"No generation in history has ever been so thoroughly prepared for the Industrial Age" - David Warlick


I think it's safe to say that the industrial times ended at least a couple of decades ago, but the U.S. Educational System ("The System") is still at it: working hard to pump out generation after generation of Industrial Age Superstars. I mean, Henry Ford would be proud. Perhaps, he'd hire them on the spot too.

Last modified on

Posted by on in Classroom Management

Disorganized students come in various guises: younger students, older students, male students, female students, well-mannered
students, disruptive students, and, all too often, failing students. What these different students do share, however, is the tendency to be disorganized and overwhelmed. They are the ones still looking for their homework when everyone else has turned theirs in. They are the ones who never have a pencil or paper. They are the ones whose backpacks are stuffed with wadded up papers, broken pencils, and overdue assignments. Fortunately, there is a great deal that caring teachers can do to help our students become more organized and successful. If you are currently teaching a student who needs help with organization, here are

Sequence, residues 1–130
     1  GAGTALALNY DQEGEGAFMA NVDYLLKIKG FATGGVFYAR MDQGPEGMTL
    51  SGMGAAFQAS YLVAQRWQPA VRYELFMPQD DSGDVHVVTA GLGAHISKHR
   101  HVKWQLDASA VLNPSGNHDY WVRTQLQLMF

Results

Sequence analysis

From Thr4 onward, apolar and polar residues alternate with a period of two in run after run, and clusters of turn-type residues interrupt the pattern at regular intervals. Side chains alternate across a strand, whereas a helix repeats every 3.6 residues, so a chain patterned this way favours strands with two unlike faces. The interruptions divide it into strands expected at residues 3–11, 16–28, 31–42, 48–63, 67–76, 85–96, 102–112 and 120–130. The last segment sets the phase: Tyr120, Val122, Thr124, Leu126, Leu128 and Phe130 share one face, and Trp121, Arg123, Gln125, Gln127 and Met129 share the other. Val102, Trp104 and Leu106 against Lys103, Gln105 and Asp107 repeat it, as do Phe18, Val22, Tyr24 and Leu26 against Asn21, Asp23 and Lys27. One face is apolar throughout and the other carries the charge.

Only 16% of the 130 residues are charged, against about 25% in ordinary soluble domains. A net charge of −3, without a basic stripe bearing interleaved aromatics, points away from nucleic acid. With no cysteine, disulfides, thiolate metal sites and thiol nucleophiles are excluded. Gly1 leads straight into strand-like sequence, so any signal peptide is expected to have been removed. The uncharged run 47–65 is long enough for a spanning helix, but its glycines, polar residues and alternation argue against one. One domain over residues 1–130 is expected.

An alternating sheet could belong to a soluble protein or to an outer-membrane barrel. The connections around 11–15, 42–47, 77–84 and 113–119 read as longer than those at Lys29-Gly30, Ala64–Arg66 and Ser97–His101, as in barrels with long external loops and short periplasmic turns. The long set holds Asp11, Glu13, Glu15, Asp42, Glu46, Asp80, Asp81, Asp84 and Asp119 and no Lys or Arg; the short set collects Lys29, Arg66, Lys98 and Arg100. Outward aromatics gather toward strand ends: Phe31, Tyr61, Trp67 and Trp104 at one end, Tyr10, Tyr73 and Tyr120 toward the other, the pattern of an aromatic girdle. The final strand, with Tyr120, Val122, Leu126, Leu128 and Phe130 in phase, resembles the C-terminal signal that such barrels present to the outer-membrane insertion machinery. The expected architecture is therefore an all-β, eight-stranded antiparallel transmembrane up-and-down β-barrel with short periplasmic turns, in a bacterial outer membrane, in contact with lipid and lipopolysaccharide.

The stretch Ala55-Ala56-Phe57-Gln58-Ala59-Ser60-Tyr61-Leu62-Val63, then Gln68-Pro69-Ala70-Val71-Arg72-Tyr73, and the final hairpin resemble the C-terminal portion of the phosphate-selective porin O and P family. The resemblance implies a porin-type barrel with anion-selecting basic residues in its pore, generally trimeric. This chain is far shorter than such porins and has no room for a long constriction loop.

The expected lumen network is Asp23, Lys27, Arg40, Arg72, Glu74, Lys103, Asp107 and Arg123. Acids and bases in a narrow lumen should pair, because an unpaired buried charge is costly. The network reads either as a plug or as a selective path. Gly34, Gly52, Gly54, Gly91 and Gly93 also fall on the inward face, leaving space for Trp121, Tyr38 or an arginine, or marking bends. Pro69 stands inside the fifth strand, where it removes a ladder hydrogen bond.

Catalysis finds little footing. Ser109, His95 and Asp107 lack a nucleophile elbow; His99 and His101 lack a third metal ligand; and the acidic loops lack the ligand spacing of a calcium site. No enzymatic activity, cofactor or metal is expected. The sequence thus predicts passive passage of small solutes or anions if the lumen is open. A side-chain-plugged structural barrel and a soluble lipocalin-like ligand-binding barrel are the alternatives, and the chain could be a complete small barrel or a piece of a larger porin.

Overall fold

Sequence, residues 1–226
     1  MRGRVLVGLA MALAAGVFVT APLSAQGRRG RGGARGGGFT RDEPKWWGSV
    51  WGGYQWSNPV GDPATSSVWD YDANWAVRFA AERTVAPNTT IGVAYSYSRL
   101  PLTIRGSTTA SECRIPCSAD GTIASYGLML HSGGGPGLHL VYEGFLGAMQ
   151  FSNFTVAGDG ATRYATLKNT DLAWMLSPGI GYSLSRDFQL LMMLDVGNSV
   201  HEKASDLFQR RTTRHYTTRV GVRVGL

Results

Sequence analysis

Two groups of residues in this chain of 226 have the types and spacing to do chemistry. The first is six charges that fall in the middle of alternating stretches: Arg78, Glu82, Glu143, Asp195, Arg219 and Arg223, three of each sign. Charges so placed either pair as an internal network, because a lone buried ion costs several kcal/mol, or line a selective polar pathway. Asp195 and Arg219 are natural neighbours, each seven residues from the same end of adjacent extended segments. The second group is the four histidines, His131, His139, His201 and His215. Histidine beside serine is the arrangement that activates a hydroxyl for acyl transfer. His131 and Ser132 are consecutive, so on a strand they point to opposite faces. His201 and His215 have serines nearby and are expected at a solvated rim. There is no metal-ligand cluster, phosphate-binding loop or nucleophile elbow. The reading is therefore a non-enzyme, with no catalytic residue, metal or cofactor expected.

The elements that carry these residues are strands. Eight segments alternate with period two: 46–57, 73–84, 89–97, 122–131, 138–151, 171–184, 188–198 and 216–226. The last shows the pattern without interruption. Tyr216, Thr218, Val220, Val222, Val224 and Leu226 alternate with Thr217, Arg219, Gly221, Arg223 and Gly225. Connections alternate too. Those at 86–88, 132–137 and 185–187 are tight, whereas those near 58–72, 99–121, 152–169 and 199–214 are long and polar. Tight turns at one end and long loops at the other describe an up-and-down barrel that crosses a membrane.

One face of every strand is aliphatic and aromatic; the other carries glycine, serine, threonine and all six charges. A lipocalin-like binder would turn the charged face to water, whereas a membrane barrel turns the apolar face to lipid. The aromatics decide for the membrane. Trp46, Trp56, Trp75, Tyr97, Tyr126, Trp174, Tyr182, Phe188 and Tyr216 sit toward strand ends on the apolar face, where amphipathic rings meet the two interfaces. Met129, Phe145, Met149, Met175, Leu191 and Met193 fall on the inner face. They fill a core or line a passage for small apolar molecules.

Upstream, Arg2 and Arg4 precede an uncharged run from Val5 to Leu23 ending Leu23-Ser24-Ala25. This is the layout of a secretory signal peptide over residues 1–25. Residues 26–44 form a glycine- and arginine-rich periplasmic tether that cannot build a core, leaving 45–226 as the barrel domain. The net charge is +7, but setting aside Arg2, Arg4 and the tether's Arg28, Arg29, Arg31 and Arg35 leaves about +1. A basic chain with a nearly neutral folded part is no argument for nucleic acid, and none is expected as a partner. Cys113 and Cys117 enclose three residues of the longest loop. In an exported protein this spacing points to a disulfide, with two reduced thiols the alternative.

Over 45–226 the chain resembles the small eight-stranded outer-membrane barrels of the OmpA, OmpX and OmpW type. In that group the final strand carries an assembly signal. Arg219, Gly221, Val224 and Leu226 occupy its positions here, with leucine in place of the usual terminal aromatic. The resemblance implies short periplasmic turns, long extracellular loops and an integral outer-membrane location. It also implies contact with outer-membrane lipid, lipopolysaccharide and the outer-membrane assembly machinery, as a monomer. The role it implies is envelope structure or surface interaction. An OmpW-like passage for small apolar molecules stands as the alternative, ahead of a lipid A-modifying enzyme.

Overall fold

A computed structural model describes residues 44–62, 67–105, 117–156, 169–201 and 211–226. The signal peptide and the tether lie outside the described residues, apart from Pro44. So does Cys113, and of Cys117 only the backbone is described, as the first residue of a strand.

some simple strategies that may help.

Don’t let the problem grow. As soon as you notice that a student is disorganized, spend time working together to help that student
become organized. Think in terms of small increments each day instead of an overwhelming clean-out once in a while.

Make getting organized and staying that way part of the daily culture of your class. When students are aware of the expectations that their teachers have for them, then they are more likely to rise to those expectations. Good organization should be everybody’s business. The few minutes that you spend on this each day will reap big benefits when students can find
work quickly.

Insist that students copy down their homework assignments in a planner. They should do this even if you allow them to photograph their assignments from the board or if it is posted on a class website. Using a planner encourages students to plan their work instead of just copying down homework in a rush.

Assign students to study teams or, at least, allow them to work on organization with a partner. Many students benefit from working with a study buddy so that they can check each other’s folders, binders, and book bags before leaving class. They can also take notes for each other and gather assignments when a team member is absent.

Last modified on